The Rite Of Spring Part 1 Analysis Essay

Analysis of The Rite of Spring

Composers of the late 19th and early 20th century found a dilemma as the traditional role of dissonance as a vehicle for harmonic motion was abandoned. The problem with dissonance that does not lead to an inevitable resolution is a total cessation of harmonic and thus musical motion. According to musicologist Stephen Walsh the great innovation of the rite is not the dissonance or the immobility of the harmonic progression because both of these ideas were in practice before Stravinsky’s work. Walsh cites Debussy’s Et la Lune Descend Sur le Temple Qui Fut’ (1907) as being both discordant and harmonically static. The true innovation was Stravinsky’s use of musical fragments and compelling rhythms to provide a structure to drive the dramatic action and thus free the frozen harmonic gears.(Walsh, Stephen p.44)
“What nobody seems to have done before the Rite of Spring was to take dissonant, irregularly formed musical ‘objects’ of very brief extent and release their latent energy by firing them off at one another like so many like so many particles in an atomic accelerator “ (Walsh, Stephen p.44)

Stravinsky’s method of composition for Le Sacre was to arrange and layer small cells of music. Each “cell” is both a melodic and rhythmic essence of the folk melody from which it was derived. See the Analysis below above recreated from the Stephen Walsh Book (Walsh, Stephen p.44 ) These musical fragments often consist of as few as four notes but they are repeated and reoriented to create ostinati, or stacked to generate chords, or embellished to create melodic material. Le Sacre was originally thought to contain only one true folk tune: the high bassoon part which begins the introduction. Later investigation into more of Stravinsky's sketches in 1969 revealed complete folk melodies copied from published collections (Walsh,Stephen p.43) Although, after being thoroughly worked, reorganized and chopped up by Stravinsky very little of the actually tune remains intact save for a faint essence of their musical personality. According to Van Den Toorn another strong adhesive component in the work is the ubiquitous use of the octatonic scale and it’s derived chords. (Van Den Toorn, Pieter)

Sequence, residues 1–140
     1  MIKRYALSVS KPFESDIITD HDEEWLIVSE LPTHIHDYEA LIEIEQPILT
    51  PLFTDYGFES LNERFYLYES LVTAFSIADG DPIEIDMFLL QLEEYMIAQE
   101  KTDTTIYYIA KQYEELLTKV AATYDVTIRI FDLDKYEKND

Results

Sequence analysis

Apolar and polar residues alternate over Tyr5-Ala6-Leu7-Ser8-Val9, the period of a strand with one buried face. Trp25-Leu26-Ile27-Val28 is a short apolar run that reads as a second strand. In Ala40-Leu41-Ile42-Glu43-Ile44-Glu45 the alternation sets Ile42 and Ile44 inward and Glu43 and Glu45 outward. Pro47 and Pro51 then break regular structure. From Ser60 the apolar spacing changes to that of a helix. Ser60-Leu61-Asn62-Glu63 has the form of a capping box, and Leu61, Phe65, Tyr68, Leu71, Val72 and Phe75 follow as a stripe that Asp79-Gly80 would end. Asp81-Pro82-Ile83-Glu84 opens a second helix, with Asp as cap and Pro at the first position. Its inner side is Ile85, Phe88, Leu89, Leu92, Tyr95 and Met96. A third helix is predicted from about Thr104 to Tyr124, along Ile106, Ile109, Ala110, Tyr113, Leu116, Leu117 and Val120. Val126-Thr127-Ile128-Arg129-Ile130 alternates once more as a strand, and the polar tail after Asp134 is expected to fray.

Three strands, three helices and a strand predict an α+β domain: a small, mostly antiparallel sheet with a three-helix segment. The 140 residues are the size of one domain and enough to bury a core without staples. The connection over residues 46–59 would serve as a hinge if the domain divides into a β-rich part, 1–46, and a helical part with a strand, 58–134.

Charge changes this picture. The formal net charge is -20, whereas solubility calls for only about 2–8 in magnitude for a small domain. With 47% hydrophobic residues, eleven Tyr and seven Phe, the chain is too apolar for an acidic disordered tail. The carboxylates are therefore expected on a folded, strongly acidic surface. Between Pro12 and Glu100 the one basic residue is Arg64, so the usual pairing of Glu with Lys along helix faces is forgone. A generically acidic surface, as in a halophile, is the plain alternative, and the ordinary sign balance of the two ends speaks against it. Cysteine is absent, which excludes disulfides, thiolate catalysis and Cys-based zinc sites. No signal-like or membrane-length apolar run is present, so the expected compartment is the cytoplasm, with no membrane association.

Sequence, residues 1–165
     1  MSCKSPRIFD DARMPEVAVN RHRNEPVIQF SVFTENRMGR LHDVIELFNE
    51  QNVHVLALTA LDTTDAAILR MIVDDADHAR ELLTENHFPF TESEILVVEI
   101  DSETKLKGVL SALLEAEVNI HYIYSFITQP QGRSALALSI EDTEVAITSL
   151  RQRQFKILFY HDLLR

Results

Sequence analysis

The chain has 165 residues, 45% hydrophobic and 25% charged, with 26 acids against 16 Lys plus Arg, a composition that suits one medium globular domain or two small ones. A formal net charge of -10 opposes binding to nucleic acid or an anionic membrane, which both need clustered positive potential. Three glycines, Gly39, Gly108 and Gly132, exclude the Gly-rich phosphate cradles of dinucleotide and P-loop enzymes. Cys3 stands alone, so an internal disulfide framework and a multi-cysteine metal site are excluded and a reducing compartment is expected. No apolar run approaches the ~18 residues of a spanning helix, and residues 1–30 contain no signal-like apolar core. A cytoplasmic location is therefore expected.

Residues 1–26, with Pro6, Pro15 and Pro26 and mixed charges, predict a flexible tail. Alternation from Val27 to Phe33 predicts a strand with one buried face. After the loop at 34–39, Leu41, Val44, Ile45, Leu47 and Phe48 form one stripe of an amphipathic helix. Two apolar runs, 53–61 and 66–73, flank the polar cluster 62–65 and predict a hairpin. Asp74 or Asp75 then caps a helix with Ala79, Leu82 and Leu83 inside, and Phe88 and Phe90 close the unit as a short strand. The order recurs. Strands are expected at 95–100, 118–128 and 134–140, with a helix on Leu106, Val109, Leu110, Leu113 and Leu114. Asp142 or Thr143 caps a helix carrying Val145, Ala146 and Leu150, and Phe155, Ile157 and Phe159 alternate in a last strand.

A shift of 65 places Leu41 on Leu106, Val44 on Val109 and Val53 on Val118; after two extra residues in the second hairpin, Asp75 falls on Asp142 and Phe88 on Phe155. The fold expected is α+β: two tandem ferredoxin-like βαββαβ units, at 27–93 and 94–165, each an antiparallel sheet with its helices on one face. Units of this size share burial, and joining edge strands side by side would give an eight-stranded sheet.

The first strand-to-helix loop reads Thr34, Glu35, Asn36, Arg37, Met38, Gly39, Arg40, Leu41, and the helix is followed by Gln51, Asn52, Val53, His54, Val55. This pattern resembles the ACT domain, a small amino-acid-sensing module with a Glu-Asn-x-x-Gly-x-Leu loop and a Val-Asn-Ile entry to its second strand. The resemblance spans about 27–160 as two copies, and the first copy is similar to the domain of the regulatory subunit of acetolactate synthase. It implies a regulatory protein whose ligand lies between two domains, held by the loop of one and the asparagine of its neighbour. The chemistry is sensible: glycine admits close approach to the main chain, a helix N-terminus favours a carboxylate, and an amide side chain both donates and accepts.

"Indeed, The Rite is one of the most thoroughly octatonic of Stravinsky's works..." (Van Den Toorn, Pieter p.123)
Stravinsky not only employed the octatonic scale as others had before, he redifiend it's use and context completeley. By encorperating long steams of octatonic chords and seeding them with superimositions and chunks of diatonic material Stravinsky created a vocabulary all his own.

"... and to an astonishing degree, the vocabulary that informs this referential commitment remains intact: triads, dominant sevenths, and (0 2 3 5) tetrachords. The distinction rests primarily with the technique of superimposition. In The Rite , the (0, 3, 6, 9) symmetrically defined units no longer succeed one another, harmlessly, as they do in the operas of Rimsky or in the early Stravinsky passages cited above. These units are now superimposed—played simultaneously. And this is an invention from which startling implications accrue not only in pitch organization but, as a consequence, in rhythm and instrumental design as well. It radically alters the conditions of octatonic confinement, opens up a new dimension in octatonic thought that Stravinsky, beginning with Petrushka and The Rite , was to render peculiarly his own. (Van Den Toorn, Pieter p.124)